Tam O’Shanter Cottage, which was probably built about 300 years ago by a heath squatter, is situated at the edge of Bidston Hill near to the rear entrance to Flaybrick Cemetery. As far as we know it had no particular claim to fame until 1837 when Richard Lea the occupier at that time embellished the building with a carved stone slab depicting the Robert Burns poem “Tam O’Shanter” in which Tam pursued by witches sought to reach the bridge in the belief that the witches would not dare to cross running water. Tam indeed escaped but his mare poor Maggie lost her tail.
In a book “Auld Lang Syne”, by Harry B. Neilson, printed in 1935, mention is made that the date 1837 can be seen on a stone garden wall of Tam O’Shanter cottage. It is stated that Richard Lea cut the date on the wall and carved the Tam O’Shanter stone and also the weather vane with its animals heads, lion, dog etc. It is said he made them in his spare time to decorate his cottage. Part of the cottage is roofed with thick stone flags, which in past times was a common method of covering buildings in Bidston, where stone was plentiful.
The book lists other farms which were on the Bidston Hill heathland in the year 1840. At the time the size of the farm was 6 acres.
We know that in 1841 Richard Lea was a master stonemason. At that time, there was a great deal of building going on in Birkenhead. Hamilton Square, the Town Hall, Cammell Lairds, Bidston Observatory, Bidston Lighthouse and many churches were being built in the 19th century and there would have been plenty of work for Richard Lea in Birkenhead. So we might imagine Richard Lea shaping stone for these buildings, as well as working on the Tam O’Shanter farm, looking after hens, pigs, cows and growing crops.
Thus the cottage became known as Tam O’Shanter Cottage and became a favourite subject for artists and visitors alike.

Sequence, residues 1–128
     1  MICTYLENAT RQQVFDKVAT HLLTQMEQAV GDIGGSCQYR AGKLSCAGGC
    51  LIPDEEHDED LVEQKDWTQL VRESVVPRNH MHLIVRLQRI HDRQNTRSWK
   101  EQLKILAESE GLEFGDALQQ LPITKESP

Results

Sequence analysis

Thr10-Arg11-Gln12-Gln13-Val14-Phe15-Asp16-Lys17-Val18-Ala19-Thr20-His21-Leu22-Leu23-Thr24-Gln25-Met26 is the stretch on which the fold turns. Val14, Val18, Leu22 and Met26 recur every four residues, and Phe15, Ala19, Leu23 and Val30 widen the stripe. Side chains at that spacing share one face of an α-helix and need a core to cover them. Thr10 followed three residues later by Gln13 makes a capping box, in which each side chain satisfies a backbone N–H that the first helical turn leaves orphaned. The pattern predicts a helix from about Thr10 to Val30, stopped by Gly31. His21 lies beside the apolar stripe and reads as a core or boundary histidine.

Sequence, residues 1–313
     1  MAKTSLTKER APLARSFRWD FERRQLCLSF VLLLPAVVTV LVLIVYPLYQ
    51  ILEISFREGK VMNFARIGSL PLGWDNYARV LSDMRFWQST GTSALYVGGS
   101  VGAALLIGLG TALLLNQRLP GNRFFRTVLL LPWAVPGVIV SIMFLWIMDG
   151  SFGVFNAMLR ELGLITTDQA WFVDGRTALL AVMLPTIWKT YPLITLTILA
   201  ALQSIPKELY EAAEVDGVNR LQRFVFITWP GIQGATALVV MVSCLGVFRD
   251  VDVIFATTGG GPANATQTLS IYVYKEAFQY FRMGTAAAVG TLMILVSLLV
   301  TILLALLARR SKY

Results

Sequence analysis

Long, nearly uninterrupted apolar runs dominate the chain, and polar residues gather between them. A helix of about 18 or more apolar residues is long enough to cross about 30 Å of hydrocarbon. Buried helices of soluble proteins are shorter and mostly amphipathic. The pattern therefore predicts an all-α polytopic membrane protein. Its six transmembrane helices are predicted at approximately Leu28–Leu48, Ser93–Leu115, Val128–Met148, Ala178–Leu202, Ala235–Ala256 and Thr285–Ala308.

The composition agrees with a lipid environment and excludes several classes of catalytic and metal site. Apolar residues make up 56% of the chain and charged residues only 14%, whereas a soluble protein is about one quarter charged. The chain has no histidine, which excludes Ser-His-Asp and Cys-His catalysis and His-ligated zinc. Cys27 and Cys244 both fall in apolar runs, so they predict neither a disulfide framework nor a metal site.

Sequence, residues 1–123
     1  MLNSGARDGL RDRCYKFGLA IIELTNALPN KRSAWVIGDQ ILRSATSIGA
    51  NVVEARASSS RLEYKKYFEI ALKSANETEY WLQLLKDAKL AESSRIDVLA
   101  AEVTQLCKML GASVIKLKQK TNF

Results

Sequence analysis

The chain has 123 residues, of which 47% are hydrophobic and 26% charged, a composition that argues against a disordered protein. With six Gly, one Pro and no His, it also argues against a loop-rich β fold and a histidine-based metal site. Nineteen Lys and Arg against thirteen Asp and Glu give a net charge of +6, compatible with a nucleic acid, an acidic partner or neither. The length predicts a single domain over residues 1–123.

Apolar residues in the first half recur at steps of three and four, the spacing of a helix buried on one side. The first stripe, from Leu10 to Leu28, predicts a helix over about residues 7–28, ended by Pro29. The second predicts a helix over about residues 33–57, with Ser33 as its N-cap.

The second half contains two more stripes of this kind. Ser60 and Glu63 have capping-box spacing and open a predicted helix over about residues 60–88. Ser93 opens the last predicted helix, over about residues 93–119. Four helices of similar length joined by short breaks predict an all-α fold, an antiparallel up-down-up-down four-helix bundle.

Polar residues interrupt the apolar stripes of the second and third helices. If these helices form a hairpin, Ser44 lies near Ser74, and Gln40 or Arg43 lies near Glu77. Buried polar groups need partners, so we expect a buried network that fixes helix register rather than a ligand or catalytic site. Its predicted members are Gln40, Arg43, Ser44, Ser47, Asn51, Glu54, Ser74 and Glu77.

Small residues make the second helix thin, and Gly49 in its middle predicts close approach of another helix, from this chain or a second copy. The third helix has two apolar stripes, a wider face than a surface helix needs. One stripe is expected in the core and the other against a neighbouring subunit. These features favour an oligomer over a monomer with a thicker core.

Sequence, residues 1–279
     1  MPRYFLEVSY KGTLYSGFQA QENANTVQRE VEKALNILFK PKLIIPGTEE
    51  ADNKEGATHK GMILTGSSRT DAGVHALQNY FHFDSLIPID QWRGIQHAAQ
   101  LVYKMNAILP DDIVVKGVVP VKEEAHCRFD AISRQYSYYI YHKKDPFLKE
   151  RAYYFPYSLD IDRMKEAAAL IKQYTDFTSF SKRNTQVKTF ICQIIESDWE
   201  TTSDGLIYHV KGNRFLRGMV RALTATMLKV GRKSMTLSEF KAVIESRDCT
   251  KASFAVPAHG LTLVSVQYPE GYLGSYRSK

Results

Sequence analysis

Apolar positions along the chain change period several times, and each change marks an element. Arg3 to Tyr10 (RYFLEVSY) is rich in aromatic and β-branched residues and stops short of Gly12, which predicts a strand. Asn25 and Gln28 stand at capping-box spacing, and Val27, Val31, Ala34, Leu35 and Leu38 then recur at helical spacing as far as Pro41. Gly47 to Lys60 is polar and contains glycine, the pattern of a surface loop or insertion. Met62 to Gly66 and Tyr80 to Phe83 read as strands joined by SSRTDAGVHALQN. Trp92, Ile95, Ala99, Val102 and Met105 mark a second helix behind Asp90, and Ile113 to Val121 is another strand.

In 1950 the then Minister of Town & Country Planning graded the building as one of special interest, which warranted every effort being made to preserve it.
Sadly most of the building was destroyed by fire in 1954. The Council considered demolishing it, but it was saved by public protest. In ‘Wirral Peninsular’ by Norman Ellison printed in 1955, he states that Tam O’Shanter cottage was being re-thatched after a recent fire. The carved stone set in the gable of an outhouse was not damaged. In 1965 the corporation re-thatched the roof at a cost of £600, as it had been attacked by vermin, and the damp was also feared to be endangering it.
In December, 1970 the property was advertised for sale and considerable interest was shown.
It was again destroyed by fire in 1975, and was subsequently vandalised. The council then decided to demolish the building completely. The Birkenhead History Society stepped in to try and save the building, because it represented a period before the area became industrialised. In June 1975 they were given 30 days to submit their suggestions.
In August 1975, the Birkenhead History Society won permission from Wirral Borough Council for the cottage to be rebuilt and restored to its former glory. Rather than return the cottage to residential use the Society felt that the townspeople would be better served by having a field study centre which could be used by local school children. A Charitable Trust was formed in conjunction with Wirral District Council and a grant was obtained from the Manpower Services Commission, under the Job Creation Programme. It was under a government sponsored work training scheme that the initial task of converting a greenfield site into the beginnings of the farm was tackled by many local people, too numerous to mention.
In December, 1976 a historic package containing a copy of “News”, “Times” and some coins, a history of Birkenhead and in particular the restoration project was laid behind stones at the Cottage by the Mayor of Wirral, Councillor John Evans and his wife the Mayoress.
The cottage was open for schools from May 1977.
The urban farm is born
In 1986 a voluntary organisation called the Wirral Urban Farm Association together with the Tam O’Shanter Cottage Trust began to develop the 4 acres around the cottage as a city farm.
The construction of farm buildings, paths and fencing was soon followed by a collection of farm animals.
The aim of the new trust was to make this varied collection of farm animals accessible to many people, especially children. By fundraising, grants, donations, support from the Metropolitan Borough of Wirral the farm is able to maintain itself without an admission charge while being open every day (9.30am – 4.30pm).
Wirral Learning Grid